The Tennessee Department of Tourist Development has installed special viewfinders at the Great Smoky Mountains National Park to help those with colorblindness see Fall colors for the first time. “I’m glad to have seen it. I just wish I had seen this all my life,” says one visitor (EcoWatch). So, what does this have to do with solar, you ask? Not so much. But we are heading into the Thanksgiving holiday. In that, it’s a good idea to be reminded of things for which to be thankful, that we just might take for granted.
With that, here’s a look at the week in solar news . . .
Solar and wind are now the cheapest energy around–unless you need to store it (Quartz). So, they’re calling that news, huh? It really seems nothing of the sort. The cost of energy storage has long been a source of contention. Still, technology is rising and prices are dropping. Which should make for an intriguing news item one of these days (hopefully, in the not too distant future) . . .
On the flip side, a report from Finland’s Lappeenranta University of Technology (LUT) and the Energy Watch Group (EWG) says we’re heading toward powering the world with 100% renewable energy by 2050 (EcoWatch). So, there’s that.
Here’s an interesting tidbit: solar power was underestimated by 4,813% in the United States. Four thousand eight hundred and thirteen percent, I tell you! As a matter of fact, solar exceeded the U.S. Energy Information Administration’s prediction for 2016-2017 installation sixteen times–in 2016 alone (Electrek). Granted, predicting the future is no small feat; still, being that far off seems a little embarrassing.
India’s Ministry of New & Renewable Energy is planning to auction off 20 gigawatts of solar power – which would make it the world’s largest solar power tender (Clean Technica). Let’s see how they pull it off, shall we?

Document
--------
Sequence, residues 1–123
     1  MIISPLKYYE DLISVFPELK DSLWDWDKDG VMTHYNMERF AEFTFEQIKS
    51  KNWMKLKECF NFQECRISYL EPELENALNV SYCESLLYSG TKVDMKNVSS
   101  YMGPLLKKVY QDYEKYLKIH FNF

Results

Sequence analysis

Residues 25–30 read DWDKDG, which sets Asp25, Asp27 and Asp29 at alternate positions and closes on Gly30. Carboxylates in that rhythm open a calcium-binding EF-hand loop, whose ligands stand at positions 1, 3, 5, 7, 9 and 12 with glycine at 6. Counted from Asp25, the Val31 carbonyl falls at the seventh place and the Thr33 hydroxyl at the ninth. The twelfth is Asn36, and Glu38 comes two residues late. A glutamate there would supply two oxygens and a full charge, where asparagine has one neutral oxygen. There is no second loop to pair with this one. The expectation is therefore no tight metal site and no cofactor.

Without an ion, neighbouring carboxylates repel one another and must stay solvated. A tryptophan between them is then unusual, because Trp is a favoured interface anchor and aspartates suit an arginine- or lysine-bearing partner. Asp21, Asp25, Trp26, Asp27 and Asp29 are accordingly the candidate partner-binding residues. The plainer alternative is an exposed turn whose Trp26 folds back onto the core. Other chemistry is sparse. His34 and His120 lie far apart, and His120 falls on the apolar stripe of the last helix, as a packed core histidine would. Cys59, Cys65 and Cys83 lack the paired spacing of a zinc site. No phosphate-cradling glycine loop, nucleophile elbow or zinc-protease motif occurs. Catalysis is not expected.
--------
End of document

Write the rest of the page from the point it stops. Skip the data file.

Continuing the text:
The small Moroccan town of Chefchaouen is known for the blue of its buildings. But they’re looking to go green. For the last seven years, they have been working to become ecologically sustainable. “Among the initiatives is an ‘info-energy’ centre to raise awareness about energy savings, photovoltaic panels at several sites, such as the municipal library, that contribute to electricity production, and an environmentally oriented museum is also nearly complete” (Solar Daily).
You could soon charge your phone with ambient light thanks to new solar panel technology from Dracula Technologies. (Even more curious, however did they come up with their name?) For the record: the cells take about an hour to print. So, where can you purchase these fancy fellows? Well, there’s the rub–they aren’t yet commercially viable. But do stay tuned . . . (Extreme Tech)
Now, for our disclaimer: Friday Field Notes is a weekly post about the goings on in (and possibly around) the field of solar. We simply link to news articles from the week to help you stay in the loop. While we try to stick with more reputable sources, we cannot attest to the accuracy of each and every piece. Furthermore, the links and subsequent commentary are purely the opinion of the writers. They do not necessarily reflect the views of the company, nor should they be considered professional opinion, backing and/or advice.